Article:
Atopic characteristics of adult patients with eosinophilic esophagitis

Sumita Roy-Ghanta, David F Larosa, David A Katzka
Clinical Gastroenterology and Hepatology 2008, 6 (5): 531-5

BACKGROUND & AIMS: The association of sensitization to food allergens, atopic disorders, and eosinophilic esophagitis (EE) is well known in children, but not in adults. Our purpose was to identify the spectrum of specific allergic sensitivities to environmental and food allergens within a series of adult patients with EE.

METHODS: The case series consisted of 23 adult patients with biopsy-proven EE referred for allergy evaluation at an academic clinic. All patients had data that included serum measurement of specific immunoglobulin (Ig)E antibodies to common foods and spices. Patients diagnosed with allergic rhinitis had a relevant clinical history of respiratory allergy and evidence of specific IgE to environmental aeroallergens.

RESULTS: The series consisted of 16 men and 7 women with a median age of 34 years (range, 18-57 y). Eighteen of 23 had an atopic diathesis, allergic rhinitis being the most common. Seventeen of 21 patients were polysensitized to several different environmental allergens, and 19 of 23 (82%) had serum IgE specific for one or more food-associated allergens (median, 5 foods), with wheat, tomato, carrot, and onion identified most commonly. The preponderance of environmental and food allergy was similar across all age groups and did not favor younger adults.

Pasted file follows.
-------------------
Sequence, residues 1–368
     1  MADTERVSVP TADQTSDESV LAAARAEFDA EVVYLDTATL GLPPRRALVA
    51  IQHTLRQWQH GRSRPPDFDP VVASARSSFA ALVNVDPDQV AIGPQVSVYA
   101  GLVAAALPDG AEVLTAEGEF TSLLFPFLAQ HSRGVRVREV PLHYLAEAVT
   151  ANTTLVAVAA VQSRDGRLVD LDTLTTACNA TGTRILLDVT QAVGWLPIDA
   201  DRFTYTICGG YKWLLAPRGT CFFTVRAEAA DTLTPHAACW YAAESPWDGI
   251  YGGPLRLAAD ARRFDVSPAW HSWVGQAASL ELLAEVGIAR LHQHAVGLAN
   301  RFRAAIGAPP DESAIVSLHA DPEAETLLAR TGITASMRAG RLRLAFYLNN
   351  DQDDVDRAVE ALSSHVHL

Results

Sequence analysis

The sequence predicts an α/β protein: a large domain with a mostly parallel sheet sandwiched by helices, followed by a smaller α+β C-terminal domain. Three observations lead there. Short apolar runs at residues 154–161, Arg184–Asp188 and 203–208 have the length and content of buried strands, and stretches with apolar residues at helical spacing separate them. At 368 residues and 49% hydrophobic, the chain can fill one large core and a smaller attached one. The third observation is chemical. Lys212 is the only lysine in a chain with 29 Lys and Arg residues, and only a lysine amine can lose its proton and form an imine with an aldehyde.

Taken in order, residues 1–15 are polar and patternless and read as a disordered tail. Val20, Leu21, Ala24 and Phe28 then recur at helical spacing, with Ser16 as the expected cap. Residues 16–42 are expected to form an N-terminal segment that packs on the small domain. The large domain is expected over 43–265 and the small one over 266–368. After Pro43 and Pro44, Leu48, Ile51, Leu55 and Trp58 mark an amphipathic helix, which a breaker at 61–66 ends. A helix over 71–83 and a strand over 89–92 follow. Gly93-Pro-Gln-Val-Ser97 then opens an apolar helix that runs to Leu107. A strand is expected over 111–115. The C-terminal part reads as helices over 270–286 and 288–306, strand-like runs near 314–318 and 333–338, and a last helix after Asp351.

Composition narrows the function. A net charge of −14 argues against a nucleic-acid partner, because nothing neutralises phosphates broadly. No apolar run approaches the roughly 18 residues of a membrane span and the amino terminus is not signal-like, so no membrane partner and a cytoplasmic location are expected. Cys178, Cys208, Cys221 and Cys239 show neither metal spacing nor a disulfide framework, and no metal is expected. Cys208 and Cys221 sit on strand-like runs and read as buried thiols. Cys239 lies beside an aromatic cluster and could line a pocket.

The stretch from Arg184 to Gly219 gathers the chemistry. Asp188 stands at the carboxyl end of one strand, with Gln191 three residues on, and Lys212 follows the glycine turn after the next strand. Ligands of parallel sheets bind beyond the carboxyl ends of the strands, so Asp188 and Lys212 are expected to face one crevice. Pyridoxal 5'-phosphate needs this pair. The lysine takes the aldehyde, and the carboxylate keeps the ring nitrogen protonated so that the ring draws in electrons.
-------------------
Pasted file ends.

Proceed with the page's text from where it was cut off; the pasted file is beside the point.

CONCLUSIONS: By using objective measures, our series confirms the high degree of atopy in adults with EE, similar to that seen in the pediatric population. These patients tend to be polysensitized to several environmental allergens, and the profiles of serum IgE specific for food allergens suggest that sensitization may partly be a response to inhaled allergens.

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